By Adam Brown
By Adam Brown
Rabat – When voting comes to a close Friday the newly elected Moroccan Parliament will inherit several major economic concerns.
2016 has been a troublesome year for several aspects of the Moroccan economy, specifically the agricultural sector and youth employment. These factors, coupled with a decrease of Foreign Direct Investment and continued rising national debt require urgent attention from the new government.
Slowing Economic Growth
Over the course of 2016 the Moroccan economy has experienced decreases in the agricultural sectors of production as a consequence of the ongoing drought. Due to Morocco’s reliance on agriculture as part of national GDP, this decrease in production will likely have a large negative impact on national GDP growth. According to the World Bank’s fall 2016 report, by the end of 2016 the Moroccan economy is expected to experience a reduction of GDP growth by 1.5%.
Agricultural GDP growth is expected to contract by 9.5%, a 22.5% change from the positive growth experienced in 2015. Other sectors such as industry and services will experience some small growth on the order of .2% respectively.
National unemployment has remained fairly consistent throughout the previous administration, but the youth subgroup has experienced increased unemployment in 2016. According to Reuters, national unemployment has been reported at 8.6% of the population in the second quarter of 2016. However, the new parliament inherits elevated youth unemployment.
According to the High Planning Commission (HCP), youth (15-24) unemployment increased by 3% through the first quarter of 2016 to 23%. Urban youth unemployment is particularly high, reaching 38% during June of 2016. Youth unemployment has been addressed by the previous administration through the National Strategy for Unemployment, but still remains a pressing matter for the newly elected parliament.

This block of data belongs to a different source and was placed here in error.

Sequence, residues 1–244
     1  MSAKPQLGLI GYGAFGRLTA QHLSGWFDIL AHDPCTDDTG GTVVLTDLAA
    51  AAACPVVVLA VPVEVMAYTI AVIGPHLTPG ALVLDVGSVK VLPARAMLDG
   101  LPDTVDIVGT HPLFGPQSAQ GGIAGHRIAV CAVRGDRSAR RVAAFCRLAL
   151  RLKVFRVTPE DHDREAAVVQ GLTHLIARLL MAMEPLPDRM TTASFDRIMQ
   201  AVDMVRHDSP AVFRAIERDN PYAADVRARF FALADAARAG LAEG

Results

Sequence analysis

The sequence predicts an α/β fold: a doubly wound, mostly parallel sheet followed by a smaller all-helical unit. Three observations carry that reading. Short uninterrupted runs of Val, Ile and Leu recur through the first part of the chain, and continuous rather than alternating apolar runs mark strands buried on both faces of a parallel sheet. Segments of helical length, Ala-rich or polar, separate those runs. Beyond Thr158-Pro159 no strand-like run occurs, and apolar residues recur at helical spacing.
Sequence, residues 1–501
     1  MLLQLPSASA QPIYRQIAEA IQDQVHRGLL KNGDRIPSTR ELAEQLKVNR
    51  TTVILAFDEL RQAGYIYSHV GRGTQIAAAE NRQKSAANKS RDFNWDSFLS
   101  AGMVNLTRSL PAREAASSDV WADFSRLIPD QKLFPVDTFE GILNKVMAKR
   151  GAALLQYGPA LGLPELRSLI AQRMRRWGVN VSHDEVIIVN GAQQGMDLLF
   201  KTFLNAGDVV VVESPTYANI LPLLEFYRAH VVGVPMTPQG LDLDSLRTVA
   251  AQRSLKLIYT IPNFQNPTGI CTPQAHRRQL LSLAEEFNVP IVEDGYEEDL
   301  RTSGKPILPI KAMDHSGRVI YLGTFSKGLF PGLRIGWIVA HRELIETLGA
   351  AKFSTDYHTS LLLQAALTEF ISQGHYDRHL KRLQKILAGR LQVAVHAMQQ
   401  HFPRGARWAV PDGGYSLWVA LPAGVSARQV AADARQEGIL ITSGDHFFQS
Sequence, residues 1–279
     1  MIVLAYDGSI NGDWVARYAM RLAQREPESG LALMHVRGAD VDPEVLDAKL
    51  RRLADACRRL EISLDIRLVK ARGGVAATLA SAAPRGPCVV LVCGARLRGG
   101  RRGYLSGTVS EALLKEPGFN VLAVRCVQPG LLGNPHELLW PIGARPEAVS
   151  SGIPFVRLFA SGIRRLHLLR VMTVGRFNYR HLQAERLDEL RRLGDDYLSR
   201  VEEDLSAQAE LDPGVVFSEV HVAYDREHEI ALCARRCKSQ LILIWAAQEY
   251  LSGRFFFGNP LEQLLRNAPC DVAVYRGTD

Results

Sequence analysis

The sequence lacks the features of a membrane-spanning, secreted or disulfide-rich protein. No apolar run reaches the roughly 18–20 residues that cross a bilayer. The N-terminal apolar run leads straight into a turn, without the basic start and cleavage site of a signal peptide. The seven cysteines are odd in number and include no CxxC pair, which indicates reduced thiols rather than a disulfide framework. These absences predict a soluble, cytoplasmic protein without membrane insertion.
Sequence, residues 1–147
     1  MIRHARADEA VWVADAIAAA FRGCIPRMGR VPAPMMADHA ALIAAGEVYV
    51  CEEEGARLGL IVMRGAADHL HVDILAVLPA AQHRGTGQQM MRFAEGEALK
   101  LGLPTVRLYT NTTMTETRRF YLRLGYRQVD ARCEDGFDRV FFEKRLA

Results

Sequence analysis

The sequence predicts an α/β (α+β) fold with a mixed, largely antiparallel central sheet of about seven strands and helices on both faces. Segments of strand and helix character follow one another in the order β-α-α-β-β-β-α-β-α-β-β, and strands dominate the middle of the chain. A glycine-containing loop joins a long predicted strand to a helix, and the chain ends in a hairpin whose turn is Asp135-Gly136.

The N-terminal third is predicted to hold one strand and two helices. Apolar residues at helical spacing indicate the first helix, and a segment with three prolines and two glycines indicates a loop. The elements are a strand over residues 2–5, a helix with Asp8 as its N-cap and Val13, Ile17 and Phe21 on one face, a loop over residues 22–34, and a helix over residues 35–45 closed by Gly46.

As part of the initiative to reduce unemployment, job creation has been promoted in other sectors, such as industry and services. However, the new parliament must find new methods to replace jobs lost in the agricultural sector. According to Reuters, 175,000 jobs were lost in the agricultural sector.
This was offset by the creation of 149,000 jobs spread across services, building activity, and industry. However, “Jobs created by construction and services are mostly precarious” (Reuters). The new parliament is faced with the challenge of creating less agriculture-centric jobs that are more stable than those created in 2016.
Decreasing Foreign Direct Investment
The first half of 2016 has seen a large decrease in the inflow of Foreign Direct Investment (FDI). According to the World Bank, FDI inflow has decreased by 11.2%. Morocco received approximately 3.16 billion USD in 2015. A reduction of 11.2% over the course of 2016 would mean a loss of 176 million USD for the Moroccan economy. This will directly affect the Moroccan GDP as well as private sector job creation, limiting industry growth.
Rising National Debt
The new parliament will inherit increased national debt, but also a reduced fiscal deficit. Since 2011 the Moroccan national debt has increased by 9% of GDP. World Bank projects national debt to be at 64.6% of GDP by the end of 2016. The fiscal deficit is projected to be reduced by .9% of GDP by the end of 2016 with a fiscal balance of -3.5% of GDP. This reduced fiscal deficit bodes well.
If the new government can continue the trend of reduction they may be able to put capital towards paying down debt. However, the new government will need to take aggressive action in order to see results in debt reduction.